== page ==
J1_Ambassador Hunter @2xIn order to create a highly functioning security program, organizations need to re-imagine the way they build their security organisations from the ground up. While you still need operational expertise to handle the day to day issues and tasks, you also need to cultivate and build engineers who can code and develop the glue that allows your entire technology stack to function.

The following factors need to be considered when defining your roles and culture within your security teams: 

  1. Complementary skill sets: Both analysts and engineers are required in order to have a highly functioning security program. One is not better than the other, but instead they are culturally equal when it comes to building and operating a sustainable security model.

  2. Ability to design and build interoperating technology: You can’t just hire security certified operators and expect them to build and create security tooling and technologies. Security engineering requires a unique skill set closer to a pure developer than a security expert. The ideal security engineer has both backgrounds.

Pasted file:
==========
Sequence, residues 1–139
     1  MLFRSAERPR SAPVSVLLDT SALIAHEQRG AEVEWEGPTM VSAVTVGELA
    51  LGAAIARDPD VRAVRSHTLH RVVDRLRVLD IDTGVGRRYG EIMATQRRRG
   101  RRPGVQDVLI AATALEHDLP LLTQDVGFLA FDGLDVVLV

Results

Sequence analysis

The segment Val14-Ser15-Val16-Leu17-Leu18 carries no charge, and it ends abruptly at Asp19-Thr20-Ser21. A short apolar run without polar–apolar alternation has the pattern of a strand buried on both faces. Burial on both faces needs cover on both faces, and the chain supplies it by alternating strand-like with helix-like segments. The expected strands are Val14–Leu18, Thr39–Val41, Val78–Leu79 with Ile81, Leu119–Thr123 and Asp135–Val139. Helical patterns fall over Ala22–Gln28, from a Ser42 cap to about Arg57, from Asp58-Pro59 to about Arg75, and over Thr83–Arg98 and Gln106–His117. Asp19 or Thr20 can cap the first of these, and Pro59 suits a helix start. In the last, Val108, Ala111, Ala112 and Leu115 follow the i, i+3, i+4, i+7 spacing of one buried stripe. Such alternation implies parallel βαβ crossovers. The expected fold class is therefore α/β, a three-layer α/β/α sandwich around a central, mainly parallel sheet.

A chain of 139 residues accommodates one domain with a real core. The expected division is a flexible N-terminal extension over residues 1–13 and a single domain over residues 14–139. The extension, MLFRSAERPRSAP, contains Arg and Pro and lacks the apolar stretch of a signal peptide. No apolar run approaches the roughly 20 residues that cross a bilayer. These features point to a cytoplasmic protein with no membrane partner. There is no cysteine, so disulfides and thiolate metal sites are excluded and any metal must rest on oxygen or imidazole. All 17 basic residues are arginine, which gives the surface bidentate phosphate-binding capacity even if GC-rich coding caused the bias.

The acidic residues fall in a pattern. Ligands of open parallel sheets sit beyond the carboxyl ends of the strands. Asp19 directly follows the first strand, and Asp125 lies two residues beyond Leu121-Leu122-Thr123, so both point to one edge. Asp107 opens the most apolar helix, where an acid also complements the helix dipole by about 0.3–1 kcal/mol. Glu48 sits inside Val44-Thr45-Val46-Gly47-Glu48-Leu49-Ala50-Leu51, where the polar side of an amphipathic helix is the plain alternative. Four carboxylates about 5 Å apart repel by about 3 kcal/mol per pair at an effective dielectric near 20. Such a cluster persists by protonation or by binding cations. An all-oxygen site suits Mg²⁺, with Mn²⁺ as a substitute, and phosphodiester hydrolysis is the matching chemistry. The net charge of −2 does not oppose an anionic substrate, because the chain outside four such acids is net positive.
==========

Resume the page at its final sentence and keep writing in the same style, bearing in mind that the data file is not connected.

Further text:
3. Asset-understanding: When building a security engineering and analyst program, both teams require visibility into what exists in the system itself. The entire team must understand the what, who, where, when, and why of active operating issues as well as the underlying security technologies in use. Teams must automate discovery, analysis, and alerting on the cyber assets in their digital universe.

  4. Relationship-modeling: Security engineers need to build more than just cyber asset visibility technologies. They must also collect and analyse the relationships between these assets. This is the “how” and the “why that is required for security analysts to do their job.